First Lady Michelle Obama and President Obama are championing girls’ education around the world (Photo: The White House)
Yesterday at the White House, President Obama and the First Lady Michelle Obama launched Let Girls Learn, a powerful new initiative to help girls stay in school across the world through community-focused efforts supported by nearly 7,000 Peace Corps volunteers in 60 countries. “Through this effort, Peace Corps will be supporting hundreds of new community projects to help girls go to school and stay in school—everything from after-school mentoring to girls’ leadership camps, to entrepreneurial projects,” explained Mrs. Obama. These will not be top-down projects from an office thousands of miles away—instead, the solutions will come from local leaders, families, and the girls themselves.
The President and the First Lady spoke about this initiative on March 3 in the East Room of the White House (Photo: Chuck Kennedy/The White House)
“Wherever they live, whoever they are, every girl on this planet has value. Every girl on this planet deserves to be treated with dignity and equality. And that includes the chance to develop her mind and her talents, and to live a life of her own choosing, to chart her own destiny. That may be obvious to us, but we know it’s not obvious to everyone,” said President Obama. “Sixty-two million girls around the world who should be in school are not. That’s not by accident. It’s the direct result of barriers, large and small, that stand in the way of girls who want to learn.” In some countries, less than 10% of these girls complete their secondary education.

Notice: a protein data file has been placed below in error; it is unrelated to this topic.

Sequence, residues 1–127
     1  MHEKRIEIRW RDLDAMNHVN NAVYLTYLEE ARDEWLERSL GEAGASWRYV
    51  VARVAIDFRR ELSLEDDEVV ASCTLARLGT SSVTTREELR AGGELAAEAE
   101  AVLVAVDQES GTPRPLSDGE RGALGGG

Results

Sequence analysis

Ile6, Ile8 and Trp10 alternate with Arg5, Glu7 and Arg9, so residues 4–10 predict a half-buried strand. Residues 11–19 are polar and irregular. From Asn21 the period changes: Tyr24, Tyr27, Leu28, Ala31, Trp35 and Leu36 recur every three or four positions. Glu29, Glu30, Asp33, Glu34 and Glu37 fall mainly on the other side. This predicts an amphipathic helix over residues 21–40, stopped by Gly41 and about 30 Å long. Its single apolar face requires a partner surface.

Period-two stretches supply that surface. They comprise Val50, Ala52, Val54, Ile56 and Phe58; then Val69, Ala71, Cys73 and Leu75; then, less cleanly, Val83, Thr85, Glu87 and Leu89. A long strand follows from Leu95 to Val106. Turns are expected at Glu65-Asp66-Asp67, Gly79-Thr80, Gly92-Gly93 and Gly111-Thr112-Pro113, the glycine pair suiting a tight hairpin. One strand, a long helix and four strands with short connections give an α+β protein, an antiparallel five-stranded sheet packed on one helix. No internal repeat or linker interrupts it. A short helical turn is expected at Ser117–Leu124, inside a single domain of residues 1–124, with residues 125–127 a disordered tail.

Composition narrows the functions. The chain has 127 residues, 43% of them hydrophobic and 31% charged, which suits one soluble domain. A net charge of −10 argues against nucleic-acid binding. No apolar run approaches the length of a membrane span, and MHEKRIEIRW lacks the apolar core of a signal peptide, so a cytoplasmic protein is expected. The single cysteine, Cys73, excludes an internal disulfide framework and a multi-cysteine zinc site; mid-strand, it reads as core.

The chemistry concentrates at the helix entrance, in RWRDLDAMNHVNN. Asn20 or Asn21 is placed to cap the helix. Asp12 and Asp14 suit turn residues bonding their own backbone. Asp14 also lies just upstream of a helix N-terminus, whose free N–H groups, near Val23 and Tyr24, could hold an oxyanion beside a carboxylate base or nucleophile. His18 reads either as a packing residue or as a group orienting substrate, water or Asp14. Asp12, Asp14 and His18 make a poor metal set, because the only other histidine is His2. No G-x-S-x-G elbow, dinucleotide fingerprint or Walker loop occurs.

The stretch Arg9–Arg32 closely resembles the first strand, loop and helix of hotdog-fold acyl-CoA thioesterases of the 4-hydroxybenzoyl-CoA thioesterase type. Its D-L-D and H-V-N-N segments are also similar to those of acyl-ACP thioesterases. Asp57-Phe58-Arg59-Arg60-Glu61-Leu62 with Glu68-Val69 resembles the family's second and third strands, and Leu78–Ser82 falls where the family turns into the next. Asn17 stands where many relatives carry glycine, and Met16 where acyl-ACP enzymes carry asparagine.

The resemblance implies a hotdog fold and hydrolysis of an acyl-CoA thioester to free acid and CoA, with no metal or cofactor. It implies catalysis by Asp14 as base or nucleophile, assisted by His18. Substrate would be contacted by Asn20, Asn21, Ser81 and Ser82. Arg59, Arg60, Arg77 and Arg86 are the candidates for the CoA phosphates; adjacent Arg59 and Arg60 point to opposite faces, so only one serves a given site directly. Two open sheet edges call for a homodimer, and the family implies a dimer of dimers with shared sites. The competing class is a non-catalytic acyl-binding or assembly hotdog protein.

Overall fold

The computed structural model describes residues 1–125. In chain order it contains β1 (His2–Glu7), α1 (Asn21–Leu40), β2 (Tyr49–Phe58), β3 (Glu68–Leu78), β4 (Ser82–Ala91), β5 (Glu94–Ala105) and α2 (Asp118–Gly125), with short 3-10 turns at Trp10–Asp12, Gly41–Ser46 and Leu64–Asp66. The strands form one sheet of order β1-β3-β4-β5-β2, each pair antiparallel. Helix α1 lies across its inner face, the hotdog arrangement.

Across the world, the reasons for the disparity in education varies: some families cannot afford the school feeds, or the local school doesn’t have a girls’ restroom, or going to school puts the girls are risk of kidnapping or murder by men who want to stop them from learning. Studies have shown that when girls are better educated, they’re more likely to delay marriage, their future children are more likely to be healthier, and their family has a more secure financial future—which, in turn, boosts the national GDP, according to President Obama, if you somehow weren’t convinced already.
Let Girls Learn is an ambitious endeavor, but it’s also a statement to the world that it takes a global community of people—not just strong leadership—in order to change the status quo. In a world where we’re constantly at arms with one another and negotiating on tenuous tightropes, we can all—hopefully—agree with The First Lady’s sentiment: “I want our young people to learn about the world and dream of being Peace Corps volunteers, and diplomats, and international business leaders, and more. I want all our young people here in the U.S. and around the globe to dream big dreams. I want them to have big, ambitious futures.”
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